A single dose of oral steroids administered by UT physicians acted almost like a magic serum. Aram began to speak more clearly and talk to her family. "We usually don't see that much improvement that quickly," Mancias said.
"It's like a miracle in the sense she was unable to move for so long," El Khoury said.
For the family, it was the break they had prayed about.
The first sign that something was wrong with Aram came in 2007 when she began to lose her balance and fall for no apparent reason. In Iraq and Syria, her mother and father, Mohammad Yahia Ali, spent nearly all their income on physicians and tests trying to get Aram well. Her mother worked as the equivalent of a physician's assistant to a midwife while Mohammad worked in a restaurant.
They told their story recently while seated in their apartment living room, where they served tea, lemonade and cookies to their guests. Aram, wearing a princess shirt and tiara, sat nearby in a wheelchair but was eager to show her guests that she could take a few unassisted steps.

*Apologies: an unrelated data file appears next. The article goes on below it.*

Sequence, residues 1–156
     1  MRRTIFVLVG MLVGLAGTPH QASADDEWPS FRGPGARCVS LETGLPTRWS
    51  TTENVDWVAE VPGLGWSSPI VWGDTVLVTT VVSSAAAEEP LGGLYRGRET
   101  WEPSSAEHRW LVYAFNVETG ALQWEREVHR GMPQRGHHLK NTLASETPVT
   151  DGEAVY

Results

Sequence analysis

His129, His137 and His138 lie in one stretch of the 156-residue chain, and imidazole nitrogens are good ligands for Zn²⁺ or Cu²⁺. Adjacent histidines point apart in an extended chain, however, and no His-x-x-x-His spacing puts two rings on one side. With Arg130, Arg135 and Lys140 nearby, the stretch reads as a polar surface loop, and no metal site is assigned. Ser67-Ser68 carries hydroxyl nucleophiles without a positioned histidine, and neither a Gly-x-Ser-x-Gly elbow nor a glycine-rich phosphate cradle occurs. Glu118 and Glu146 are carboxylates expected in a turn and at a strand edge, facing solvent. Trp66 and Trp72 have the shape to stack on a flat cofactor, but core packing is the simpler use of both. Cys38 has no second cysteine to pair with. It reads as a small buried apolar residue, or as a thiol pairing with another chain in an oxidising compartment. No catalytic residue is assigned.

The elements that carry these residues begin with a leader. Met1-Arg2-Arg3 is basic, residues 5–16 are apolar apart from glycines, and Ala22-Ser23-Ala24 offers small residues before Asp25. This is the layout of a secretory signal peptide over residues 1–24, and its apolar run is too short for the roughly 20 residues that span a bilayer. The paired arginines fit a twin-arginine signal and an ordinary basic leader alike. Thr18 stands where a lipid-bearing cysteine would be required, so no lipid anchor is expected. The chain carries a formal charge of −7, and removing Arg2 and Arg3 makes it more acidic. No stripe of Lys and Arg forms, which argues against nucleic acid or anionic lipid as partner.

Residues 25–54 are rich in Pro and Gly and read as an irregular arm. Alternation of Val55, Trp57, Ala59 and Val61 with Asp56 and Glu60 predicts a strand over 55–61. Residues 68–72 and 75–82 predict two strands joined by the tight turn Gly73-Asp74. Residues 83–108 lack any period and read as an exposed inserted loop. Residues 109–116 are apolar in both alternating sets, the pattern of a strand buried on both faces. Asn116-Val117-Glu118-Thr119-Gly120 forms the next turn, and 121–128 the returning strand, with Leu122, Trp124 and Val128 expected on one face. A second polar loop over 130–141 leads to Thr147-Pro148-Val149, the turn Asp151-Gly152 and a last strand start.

Acting as interpreter, El Khoury explained that Aram's parents were delighted when they finally received word that they would be able to travel to the United States for treatment.
"It was like a rebirth of Aram," translated El Khoury, as Kamila's eyes brimmed with tears. "She (Kamila) was convinced she would find an answer here. She didn't accept the verdict from the doctors they had seen. Because they felt the hope when they got the news they would be coming here, it changed their whole perspective."
They were told by the UN that their destination would be Houston because it was "a good place to treat neurological problems."
Aram was also looking forward to the trip for another reason. "Aram's only dream is
|SOURCE University of Texas Health Science Center at Houston|
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